I.  Piaget's constructivist approach

            Cognition-- activity of knowing and through which knowledge is acquired

            Piaget’s focus on mistakes and stages

            Genetic epistemology-- branch of philosophy that studies how one comes to know the


            Clinical method-- flexible question-and-answer technique sometimes criticized as not


            A.  What is Intelligence?

                        Basic life function that facilitates adaptation to environment

                                    a.  newborns enter world with sense and reflexes and are active agents in


                                    b.  knowledge in form of schema--mental cognitive structures

                                    c.  schema become more sophisticated with development (organized

                                         patterns of thought or action)

                                    d.  more sophisticated schema allow for better adaptation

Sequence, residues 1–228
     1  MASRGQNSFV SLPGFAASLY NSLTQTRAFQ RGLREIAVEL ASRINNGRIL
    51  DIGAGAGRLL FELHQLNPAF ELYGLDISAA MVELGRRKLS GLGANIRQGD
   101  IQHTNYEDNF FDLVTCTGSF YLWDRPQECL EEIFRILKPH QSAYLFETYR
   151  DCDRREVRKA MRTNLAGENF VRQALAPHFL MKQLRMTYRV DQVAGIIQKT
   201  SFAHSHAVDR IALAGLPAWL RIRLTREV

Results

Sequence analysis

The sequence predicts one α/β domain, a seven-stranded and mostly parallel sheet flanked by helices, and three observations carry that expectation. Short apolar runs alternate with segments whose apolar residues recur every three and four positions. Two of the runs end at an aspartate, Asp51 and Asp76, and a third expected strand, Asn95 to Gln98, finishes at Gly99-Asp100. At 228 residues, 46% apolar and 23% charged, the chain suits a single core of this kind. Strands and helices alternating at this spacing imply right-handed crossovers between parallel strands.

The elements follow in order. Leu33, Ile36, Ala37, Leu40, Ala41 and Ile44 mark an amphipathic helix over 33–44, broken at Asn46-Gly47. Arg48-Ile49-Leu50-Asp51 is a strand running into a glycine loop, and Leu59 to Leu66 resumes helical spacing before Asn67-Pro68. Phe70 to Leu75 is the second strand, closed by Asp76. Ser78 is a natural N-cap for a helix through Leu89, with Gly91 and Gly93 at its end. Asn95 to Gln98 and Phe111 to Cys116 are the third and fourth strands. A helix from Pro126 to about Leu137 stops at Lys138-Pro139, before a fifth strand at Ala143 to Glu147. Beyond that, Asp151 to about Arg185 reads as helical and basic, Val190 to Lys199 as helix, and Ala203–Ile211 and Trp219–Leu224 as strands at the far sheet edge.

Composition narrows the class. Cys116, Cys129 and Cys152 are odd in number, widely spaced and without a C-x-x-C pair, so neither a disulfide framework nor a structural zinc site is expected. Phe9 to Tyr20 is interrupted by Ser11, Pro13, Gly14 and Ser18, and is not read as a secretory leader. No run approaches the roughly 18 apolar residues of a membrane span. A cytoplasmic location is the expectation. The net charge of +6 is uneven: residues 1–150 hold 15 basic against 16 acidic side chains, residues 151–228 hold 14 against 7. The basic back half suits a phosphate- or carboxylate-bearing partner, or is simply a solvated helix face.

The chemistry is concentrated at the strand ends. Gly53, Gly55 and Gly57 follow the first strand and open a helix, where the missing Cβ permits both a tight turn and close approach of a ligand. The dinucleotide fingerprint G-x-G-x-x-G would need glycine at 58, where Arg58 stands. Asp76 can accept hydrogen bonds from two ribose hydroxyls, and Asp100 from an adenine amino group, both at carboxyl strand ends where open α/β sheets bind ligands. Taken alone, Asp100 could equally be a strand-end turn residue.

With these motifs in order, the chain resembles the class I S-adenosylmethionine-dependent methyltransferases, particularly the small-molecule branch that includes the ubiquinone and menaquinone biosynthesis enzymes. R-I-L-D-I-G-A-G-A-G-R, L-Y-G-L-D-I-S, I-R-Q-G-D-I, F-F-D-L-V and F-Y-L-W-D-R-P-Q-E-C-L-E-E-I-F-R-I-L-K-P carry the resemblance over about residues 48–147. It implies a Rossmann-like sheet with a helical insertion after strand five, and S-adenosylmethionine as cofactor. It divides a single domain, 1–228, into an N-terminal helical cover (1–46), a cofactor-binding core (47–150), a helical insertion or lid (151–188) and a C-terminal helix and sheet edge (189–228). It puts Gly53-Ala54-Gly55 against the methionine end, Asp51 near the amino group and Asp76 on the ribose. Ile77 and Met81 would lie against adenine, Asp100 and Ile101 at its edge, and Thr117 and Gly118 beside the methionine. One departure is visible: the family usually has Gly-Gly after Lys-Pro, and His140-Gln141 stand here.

B.  How Does Intelligence Develop?

                        1.  Organization-- combining schema into new and complex schema

                        2.  Adaptation-- adjusting to the demands of the environment

                                    a.  assimilation-- interpret new experiences using existing schema

                                    b.  accommodation-- modify existing schema to fit new experience

                                    c.  cognitive disequilibrium-- mental conflict cased when we fail to


                        3.  Constructivism-- theory that children “construct reality” and actively create